Xbox Game Pass is still a fairly new phenomenon, and ever since it was confirmed that all first-party games would be released straight for the subscription service, there has been discussion about what this means for game sales. There are signs it might actually increase them, and also signs it might decrease them. Also, does it matter?
Now the Swedish developer Avalanche Studios (Just Cause, The Hunter: Call of the Wild, Rage 2) has chipped in on this subject in an interview with Games Industry. The main subject is the upcoming PC/Xbox exclusive title Contraband, which was announced during E3, but the CEO Pim Holfve also had this to say regarding Xbox Game Pass:
"Game Pass has been really great for us, especially if we look at our self-published title. The Hunter: Call of the Wild helped us prove our service model and Xbox Game Pass was fantastic because we were able to reach so many more players. It's a good way for people to try [the game], and since we have such a massive DLC catalogue for that title — over 20 DLCs — it's a beautiful way of getting people in, getting engaged and showing that it's a stellar game. Then people are really tempted to buy more. So the business model really works to our advantage."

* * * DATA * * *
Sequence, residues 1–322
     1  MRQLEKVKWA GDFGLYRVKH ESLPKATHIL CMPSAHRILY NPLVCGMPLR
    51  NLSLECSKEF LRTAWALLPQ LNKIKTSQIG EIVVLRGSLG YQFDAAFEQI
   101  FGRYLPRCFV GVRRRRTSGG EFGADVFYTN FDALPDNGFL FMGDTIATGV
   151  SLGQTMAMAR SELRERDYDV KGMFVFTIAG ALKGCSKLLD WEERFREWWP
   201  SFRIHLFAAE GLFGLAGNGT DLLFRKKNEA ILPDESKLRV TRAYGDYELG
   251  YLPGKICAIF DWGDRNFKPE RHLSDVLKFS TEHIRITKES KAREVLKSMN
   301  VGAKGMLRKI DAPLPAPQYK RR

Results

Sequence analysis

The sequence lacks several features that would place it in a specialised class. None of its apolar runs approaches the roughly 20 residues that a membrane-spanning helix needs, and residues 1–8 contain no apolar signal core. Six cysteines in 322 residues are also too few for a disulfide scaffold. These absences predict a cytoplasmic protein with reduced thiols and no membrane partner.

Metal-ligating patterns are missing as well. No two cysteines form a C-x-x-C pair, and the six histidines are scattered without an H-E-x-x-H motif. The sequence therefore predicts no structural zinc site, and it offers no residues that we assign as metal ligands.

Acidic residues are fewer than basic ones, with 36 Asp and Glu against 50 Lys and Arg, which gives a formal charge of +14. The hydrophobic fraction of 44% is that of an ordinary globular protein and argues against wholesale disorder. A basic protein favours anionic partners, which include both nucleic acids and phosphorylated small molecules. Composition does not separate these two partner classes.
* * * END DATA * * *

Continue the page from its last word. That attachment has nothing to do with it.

Holfve adds that this has "made Xbox a way more important platform than we ever initially thought", and continues by explaining how it is to work on a game like Contraband with a first-party publisher:
"We've had a great relationship with Microsoft, and working with a first party has been intriguing as well, seeing what that actually means in terms of support and getting closer to the hardware. It's a new type of partnership for us. We've had fantastic partnerships with Square Enix, Bethesda and Warner Bros, but those are not the same as first-party."
Holfve also had a little teaser regarding Contraband, which runs on their game engine Apex engine, more specifically "the brand new version with a lot of 'special sauce' added":
"We're focusing on our strengths and trying to improve that, so the open, gorgeous landscapes and also all the stuff we've learned in service [games]."